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Cylinder and Cylinder Head Cylinder of an internal combustion engine should be designed to withstand the high pressure and

temperature conditions ; it should be able to transfer the unused heat efficiently so that metal temperature does not approach the dangerous limit, and it should be economical to repair it in the event of wear and tear. For this reason, it is usual to use cylinder liners or sleeves in all the big engines became of the following advantages : (i) These are more economical because of ease of replacement after wear and tear. (ii) Instead of making the whole of the cylinder of best grade of material, only the liner can be made of better grade, wear resistant cast iron and the jacket made of cheaper grade. (iii) It's, use also allows for longitudinal expansion. In big engines the various parts, viz., cylinder, water jacket, frame etc. are manufactured separately, whereas in small engines these are all made as one piece. The cylinder liner should be made of such material which is strong enough to withstand high gas pressure and at the same time sufficiently hard enough to resist wear due to piston movement. It should also be corrosion resistant and produce good bearing surface to guide the piston movement. It should also be capable of resisting thermal stresses due to heat flow through the liner wall. The various materials commonly used and satisfying the above requirements in the order of preference are: Grey cast iron with homogeneous and close grained structure (pearlitic cast iron); which is usually cast centrifugally; nickel cast iron and nickel; chromium cast iron ; nickel-chromium cast steel (with molybdenum, in some cases). The aeroplane engine cylinders are made of forged alloy steel. The cylinders are usually made of cast steel. The inner surface of the liners is usually heat-treated properly in order to obtain hard surface to reduce wear. Sometimes it is chromium electroplated to obtain very hard and porous surface such that an oil film is formed and retained thereby reducing th wear appreciably.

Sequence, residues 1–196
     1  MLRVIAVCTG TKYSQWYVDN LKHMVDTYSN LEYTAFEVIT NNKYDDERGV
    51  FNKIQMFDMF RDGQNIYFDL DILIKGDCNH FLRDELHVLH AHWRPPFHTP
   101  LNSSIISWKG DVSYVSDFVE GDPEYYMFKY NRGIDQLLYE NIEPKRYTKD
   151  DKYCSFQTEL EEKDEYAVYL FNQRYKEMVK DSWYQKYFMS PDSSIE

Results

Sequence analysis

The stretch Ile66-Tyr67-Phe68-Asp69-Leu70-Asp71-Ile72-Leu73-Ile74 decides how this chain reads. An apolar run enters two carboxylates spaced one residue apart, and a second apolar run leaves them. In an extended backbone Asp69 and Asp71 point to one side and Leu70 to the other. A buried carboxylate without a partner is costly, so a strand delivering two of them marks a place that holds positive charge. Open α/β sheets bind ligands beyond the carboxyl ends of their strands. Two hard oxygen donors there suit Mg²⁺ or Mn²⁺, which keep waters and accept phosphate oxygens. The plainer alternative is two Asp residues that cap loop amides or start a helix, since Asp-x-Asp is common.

Two types of liners (wet, a ad dry type) are commonly used. The dry liner is press fit into tha cylinder and the cooling water (to remove the unused heat) does not come in contact with the liner but contacts only the cylinder outer surface. This arrangement is adopted for smaller cylinder below 125 mm bore, above which wet liners are used in which case the cooling water in the jacket comes in direct contact with outside layers of the liner. In the case of wet liner, a heavy flange has to be provided at the top which means that centre distance between two cylinders in case of multi cylinder engine will be more and the cooling of the top of liner will not be proper. However it permits easy supporting of heavy internal cores of cylinder bore. The dry liner is" easier to replace and the wet liner is difficult. The heat flow through dry liner is poor, but is uniform throughout including the top. In the case of dry wet liner such a risk exists if the liner casting is defective. The stresses in the cylinder liner are of two typespressure stress which is tensile throughout, and thermal stresses which result In compressive stress in the inner fibres and tensile stress in the outer fibres. From past experience it is observed that cylinder liners rarely fail due to pressure and thermal stresses, but the failure is generally due to distortion and wear. The cylinder wall is subjected to gas pressure and the piston side thrust. Piston side thurst tends to bend the wall but the stress in the wall due to side thrust is very small and can be neglected. The gas pressure produces two types of stresses : longitudinal and circumferential which act at right angle to each other and so the net stress in each direction is reduced. sl = longitudinal stress = Force Area liner there is no possibility of water leakage into crank case or combustion chamber ; whereas in